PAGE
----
This year, Giving Tuesday will be Tuesday November 30th, and Woodland Cultural Centre is hoping that you will consider supporting the work of the Centre. This year’s campaign is targeted to help support Phase 4 of the restoration of the Mohawk Institute Residential School site at Woodland Cultural Centre.
Phase 4 will be the installation of the exhibits and interpretative elements that will tell the stories of the Survivors and the history of the Mohawk Institute and the residential school system. This last phase will hopefully overlap with the final physical restorations, and if all goes well, will enable the site to open to the public in late fall 2024.
The Woodland Cultural Centre is honoured and grateful to have the support of the, Dufresne- Ray Fund at Hamilton Community Foundation, who for the second year in a row will match your donations for the day up to $5000.
Many community supporters, schools and organizations are using the month of November to raise awareness and funds to double the impact of their donation by making it on November 30th. Stay up to date with Woodland Cultural Centre by subscribing to our email list https://wcc.subscribemenow.com/
Nya:węh to our incredible supporters:
So many partners and allies have stepped up to make incredible contributions to the Save the Evidence campaign. So much gratitude goes out to Wolf Energy from Wahta our support community. Their entire team came together to raise $50,000 for the Save the Evidence.
“As the owner of Wolf Energy, I received most of the credit. The truth is, I had tremendous support from my staff to raise the $50,000. The money was raised through the sales of several items of Every Child Matters merchandise. For my part I mobilized my resources to secure as many shirts, hats keychains etc. as I could possibly purchase. From there it just took off like a wildfire. My business location was key as we receive thousands of cars a day. Once people saw our large variety of items and that 100% of the proceeds were going to charity, everyone embraced us. As a First Nations entrepreneur with resources, I felt a strong duty to contribute to this cause as much as humanly possible. It really broke my heart the more I was enlightened on the issue. Another reason I am so committed to making a change comes from my family. My grandfather Peter Montour was a philanthropist in the First Nations community and it impacted me greatly. My Grandfather and uncle Jerry Montour created the Dreamcatcher Charitable Foundation which is the largest private First Nations charity in existence, so I have strong roots in philanthropy. My next goal is to contribute $100,000 in total to the Woodland Cultural Centre’s Save The Evidence Campaign. Until that goal is met, I will not be satisfied. I’m hoping my donation will raise more awareness for Save the Evidence Campaign, and inspire others to support the cause.” – Lenny Monture, Owner of Wolf Energy
Today we celebrate the act of DOING GOOD for your community, for the ones you love, and for the future generations.
Help us spread the word and share this post and encourage everyone to #DOGOOD this Giving Tuesday, in whatever way they can.
Orange Shirt Day programs at the @woodlandcc educates the community about residential schools. Executive director Janis Monture joined us this morning with more on the programs they offer, in person and virtually. @botelhok FULL INTERVIEW: https://www.chch.com/orange-shirt-day-programs-at-the-woodland-cultural-centre-educates-the-community-about-residential-schools/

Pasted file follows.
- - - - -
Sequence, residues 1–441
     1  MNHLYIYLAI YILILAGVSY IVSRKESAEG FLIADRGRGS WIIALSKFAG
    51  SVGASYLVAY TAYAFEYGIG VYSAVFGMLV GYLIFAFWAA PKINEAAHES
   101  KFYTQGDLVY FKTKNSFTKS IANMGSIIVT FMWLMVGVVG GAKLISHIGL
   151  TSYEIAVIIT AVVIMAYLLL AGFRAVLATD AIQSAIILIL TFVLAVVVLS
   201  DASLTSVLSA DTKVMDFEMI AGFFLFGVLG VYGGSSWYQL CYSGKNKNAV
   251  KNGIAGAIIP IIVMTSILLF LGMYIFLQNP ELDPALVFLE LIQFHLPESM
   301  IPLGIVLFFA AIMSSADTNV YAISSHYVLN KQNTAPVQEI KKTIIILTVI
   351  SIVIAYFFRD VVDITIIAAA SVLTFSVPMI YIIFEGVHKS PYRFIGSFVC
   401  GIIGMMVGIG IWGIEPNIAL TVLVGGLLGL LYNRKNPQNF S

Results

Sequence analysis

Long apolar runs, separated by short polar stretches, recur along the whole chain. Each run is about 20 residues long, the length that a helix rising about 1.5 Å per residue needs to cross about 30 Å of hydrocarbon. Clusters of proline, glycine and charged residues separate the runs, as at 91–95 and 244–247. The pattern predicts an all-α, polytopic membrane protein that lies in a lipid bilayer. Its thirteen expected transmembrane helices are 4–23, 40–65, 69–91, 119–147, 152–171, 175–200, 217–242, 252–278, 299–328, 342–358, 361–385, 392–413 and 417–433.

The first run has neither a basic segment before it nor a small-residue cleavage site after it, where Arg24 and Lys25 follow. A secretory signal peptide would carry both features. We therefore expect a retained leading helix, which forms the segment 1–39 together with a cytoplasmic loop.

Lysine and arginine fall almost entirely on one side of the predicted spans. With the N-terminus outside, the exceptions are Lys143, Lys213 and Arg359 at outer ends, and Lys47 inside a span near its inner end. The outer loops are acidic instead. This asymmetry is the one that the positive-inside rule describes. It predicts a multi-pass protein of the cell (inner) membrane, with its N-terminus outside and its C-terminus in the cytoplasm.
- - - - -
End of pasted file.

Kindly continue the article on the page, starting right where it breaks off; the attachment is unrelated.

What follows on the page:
September 17th of 1924 marked the enforcement of an elected band council on Six Nations by Indian Affairs, lead by Duncan Campbell Scott. With the first election held on October 21st 1924.Forty years prior, in 1884, the Canadian government passed the Indian Advancement Act, allowing Indian Affairs to establish elected band councils in any Indigenous community without their consent. For the longest time, the government wasn’t concerned with intervening as they believed Six Nations was becoming advanced on its own.There were many challenges faced by the community which led to the division between those who supported the Confederacy Council and those who supported an elected system of governance (Band council). The impacts of the First World War and political and societal changes happening outside the community as well as loss of land, environmental degradation, changes in education and health care and, mismanagement of Six Nations Trust Fund by subsequent generations of colonial authorities were all in part to blame for this division. In 1906, The Indian Rights Association was formed, also known as the Dehorners and later the Loyalist Association. Their main goal was to remove the traditional hereditary chiefs from council. Many supporters were former students at the Mohawk Institute in Brantford and veterans of the First World War.Efforts led by Levi General (Deskaheh) on behalf of the Confederacy to have Six Nations recognized as a sovereign people at the League of Nations (now the United Nations), along with petitions and complaints from groups within the community who wanted to dismantle the Confederacy, lead the Department of Indian Affairs to intervene and impose an elected system.#OnHeritage #OntarioHistory #Indigenous #IndigenousVoices #IndigenousArt #IndigenousEvents #FirstNations #FN #IndigenousKnowledge #IndigenousCulture #BrantOnt #Brantford #BrantEvents #Giving ... See MoreSee Less